powf

POW(3)                     Linux Programmer's Manual                    POW(3)

NAME
       pow, powf, powl - power functions

SYNOPSIS
       #include <math.h>

       double pow(double x, double y);
       float powf(float x, float y);
       long double powl(long double x, long double y);

       Link with -lm.

   Feature Test Macro Requirements for glibc (see feature_test_macros(7)):

       powf(), powl():
           _BSD_SOURCE || _SVID_SOURCE || _XOPEN_SOURCE >= 600 ||
           _ISOC99_SOURCE || _POSIX_C_SOURCE >= 200112L;
           or cc -std=c99

DESCRIPTION
       These functions return the value of x raised to the power of y.

RETURN VALUE
       On success, these functions return the value of x to the power of y.

       If x is a finite value less than 0, and y is  a  finite  noninteger,  a
       domain error occurs, and a NaN is returned.

       If the result overflows, a range error occurs, and the functions return
       HUGE_VAL, HUGE_VALF, or HUGE_VALL, respectively,  with  the  mathemati-
       cally correct sign.

       If  result  underflows, and is not representable, a range error occurs,
       and 0.0 is returned.

       Except as specified below, if x or y is a NaN, the result is a NaN.

       If x is +1, the result is 1.0 (even if y is a NaN).

       If y is 0, the result is 1.0 (even if x is a NaN).

       If x is +0 (-0), and y is an odd integer greater than 0, the result  is
       +0 (-0).

       If  x  is 0, and y greater than 0 and not an odd integer, the result is
       +0.

       If x is -1, and y is positive infinity or negative infinity, the result
       is 1.0.

       If  the absolute value of x is less than 1, and y is negative infinity,
       the result is positive infinity.

       If the absolute value of x is greater than 1, and y is negative  infin-
       ity, the result is +0.

       If  the absolute value of x is less than 1, and y is positive infinity,
       the result is +0.

       If the absolute value of x is greater than 1, and y is positive  infin-
       ity, the result is positive infinity.

       If  x  is  negative  infinity, and y is an odd integer less than 0, the
       result is -0.

       If x is negative infinity, and y less than 0 and not  an  odd  integer,
       the result is +0.

       If  x is negative infinity, and y is an odd integer greater than 0, the
       result is negative infinity.

       If x is negative infinity, and y greater than 0 and not an odd integer,
       the result is positive infinity.

       If x is positive infinity, and y less than 0, the result is +0.

       If x is positive infinity, and y greater than 0, the result is positive
       infinity.

       If x is +0 or -0, and y is an odd integer less than  0,  a  pole  error
       occurs  and  HUGE_VAL,  HUGE_VALF,  or HUGE_VALL, is returned, with the
       same sign as x.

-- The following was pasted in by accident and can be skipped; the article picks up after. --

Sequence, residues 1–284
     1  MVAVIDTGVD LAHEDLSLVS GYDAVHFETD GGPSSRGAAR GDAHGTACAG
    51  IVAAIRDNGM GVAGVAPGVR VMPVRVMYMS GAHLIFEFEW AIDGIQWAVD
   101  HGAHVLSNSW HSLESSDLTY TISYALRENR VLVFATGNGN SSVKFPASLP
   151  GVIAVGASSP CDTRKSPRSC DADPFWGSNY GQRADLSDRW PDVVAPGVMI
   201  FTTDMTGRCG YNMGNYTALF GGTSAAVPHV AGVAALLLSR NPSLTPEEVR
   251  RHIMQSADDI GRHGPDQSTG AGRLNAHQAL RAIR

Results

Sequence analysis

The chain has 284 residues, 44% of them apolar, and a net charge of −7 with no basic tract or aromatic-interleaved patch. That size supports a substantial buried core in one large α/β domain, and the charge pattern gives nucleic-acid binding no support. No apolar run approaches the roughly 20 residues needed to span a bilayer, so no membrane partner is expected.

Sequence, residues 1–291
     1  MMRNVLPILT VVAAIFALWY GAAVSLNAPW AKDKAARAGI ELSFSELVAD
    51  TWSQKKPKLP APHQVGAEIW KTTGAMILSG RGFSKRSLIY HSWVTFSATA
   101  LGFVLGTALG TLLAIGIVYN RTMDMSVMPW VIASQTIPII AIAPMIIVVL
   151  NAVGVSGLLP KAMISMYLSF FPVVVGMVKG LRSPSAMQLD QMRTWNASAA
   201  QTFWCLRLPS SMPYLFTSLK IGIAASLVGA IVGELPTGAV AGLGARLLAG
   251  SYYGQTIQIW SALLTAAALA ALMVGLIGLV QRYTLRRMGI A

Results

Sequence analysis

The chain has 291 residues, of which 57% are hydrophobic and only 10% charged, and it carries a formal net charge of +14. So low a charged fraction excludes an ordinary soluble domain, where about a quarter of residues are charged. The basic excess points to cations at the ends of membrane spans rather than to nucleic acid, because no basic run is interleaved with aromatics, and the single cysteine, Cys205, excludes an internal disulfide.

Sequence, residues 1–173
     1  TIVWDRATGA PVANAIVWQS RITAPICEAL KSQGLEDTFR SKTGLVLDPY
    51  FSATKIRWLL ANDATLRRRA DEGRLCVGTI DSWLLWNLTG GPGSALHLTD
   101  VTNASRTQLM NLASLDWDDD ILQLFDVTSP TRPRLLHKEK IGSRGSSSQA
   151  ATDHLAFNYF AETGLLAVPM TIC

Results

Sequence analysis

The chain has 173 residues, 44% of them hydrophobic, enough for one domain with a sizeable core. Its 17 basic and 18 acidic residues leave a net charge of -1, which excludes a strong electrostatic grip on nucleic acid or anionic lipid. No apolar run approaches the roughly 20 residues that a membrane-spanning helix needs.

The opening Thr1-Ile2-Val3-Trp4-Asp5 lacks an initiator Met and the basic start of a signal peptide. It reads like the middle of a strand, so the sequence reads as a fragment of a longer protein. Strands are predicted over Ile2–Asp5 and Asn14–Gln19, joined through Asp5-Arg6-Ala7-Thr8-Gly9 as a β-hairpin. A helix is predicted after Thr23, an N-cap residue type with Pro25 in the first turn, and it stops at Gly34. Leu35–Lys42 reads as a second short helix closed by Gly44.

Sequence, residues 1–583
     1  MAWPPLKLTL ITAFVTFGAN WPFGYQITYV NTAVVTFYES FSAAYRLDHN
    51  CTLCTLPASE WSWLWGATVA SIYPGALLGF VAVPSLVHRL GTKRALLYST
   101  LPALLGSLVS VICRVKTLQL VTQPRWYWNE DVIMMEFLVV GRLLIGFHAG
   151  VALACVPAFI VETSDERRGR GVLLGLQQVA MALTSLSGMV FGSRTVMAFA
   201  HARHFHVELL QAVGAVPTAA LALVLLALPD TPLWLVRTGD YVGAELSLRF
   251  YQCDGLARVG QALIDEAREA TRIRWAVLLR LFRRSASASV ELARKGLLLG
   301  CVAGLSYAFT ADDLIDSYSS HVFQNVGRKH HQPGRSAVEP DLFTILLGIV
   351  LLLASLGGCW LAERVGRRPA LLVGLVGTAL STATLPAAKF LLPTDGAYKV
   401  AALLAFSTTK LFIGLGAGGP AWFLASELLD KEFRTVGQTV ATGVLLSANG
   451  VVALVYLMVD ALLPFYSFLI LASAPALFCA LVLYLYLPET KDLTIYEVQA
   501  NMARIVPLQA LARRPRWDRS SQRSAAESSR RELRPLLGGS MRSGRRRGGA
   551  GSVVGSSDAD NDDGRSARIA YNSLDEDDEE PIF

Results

If x is +0 or -0, and y is less than 0 and not an odd integer,  a  pole
       error occurs and +HUGE_VAL, +HUGE_VALF, or +HUGE_VALL, is returned.

ERRORS
       See  math_error(7) for information on how to determine whether an error
       has occurred when calling these functions.

       The following errors can occur:

       Domain error: x is negative, and y is a finite noninteger
              errno is set  to  EDOM.   An  invalid  floating-point  exception
              (FE_INVALID) is raised.

       Pole error: x is zero, and y is negative
              errno  is set to ERANGE (but see BUGS).  A divide-by-zero float-
              ing-point exception (FE_DIVBYZERO) is raised.

       Range error: the result overflows
              errno is set to ERANGE.  An  overflow  floating-point  exception
              (FE_OVERFLOW) is raised.

       Range error: the result underflows
              errno  is  set to ERANGE.  An underflow floating-point exception
              (FE_UNDERFLOW) is raised.

ATTRIBUTES
       For  an  explanation  of  the  terms  used   in   this   section,   see
       attributes(7).

       +----------------------+---------------+---------+
       |Interface             | Attribute     | Value   |
       +----------------------+---------------+---------+
       |pow(), powf(), powl() | Thread safety | MT-Safe |
       +----------------------+---------------+---------+
CONFORMING TO
       C99, POSIX.1-2001, POSIX.1-2008.

       The variant returning double also conforms to SVr4, 4.3BSD, C89.

BUGS
       On  64-bits, pow() may be more than 10,000 times slower for some (rare)
       inputs than for other nearby inputs.  This affects only pow(), and  not
       powf() nor powl().

       In  glibc  2.9  and  earlier, when a pole error occurs, errno is set to
       EDOM instead of the POSIX-mandated ERANGE.  Since version  2.10,  glibc
       does the right thing.

       If  x is negative, then large negative or positive y values yield a NaN
       as the function  result,  with  errno  set  to  EDOM,  and  an  invalid
       (FE_INVALID)  floating-point  exception.   For example, with pow(), one
       sees this behavior when the absolute value of y is greater  than  about
       9.223373e18.

       In  version  2.3.2  and  earlier,  when  an overflow or underflow error
       occurs, glibc's pow() generates a bogus invalid  floating-point  excep-
       tion (FE_INVALID) in addition to the overflow or underflow exception.

SEE ALSO
       cbrt(3), cpow(3), sqrt(3)

COLOPHON
       This  page  is  part of release 4.04 of the Linux man-pages project.  A
       description of the project, information about reporting bugs,  and  the
       latest     version     of     this    page,    can    be    found    at
       http://www.kernel.org/doc/man-pages/.

                                  2015-04-19                            POW(3)
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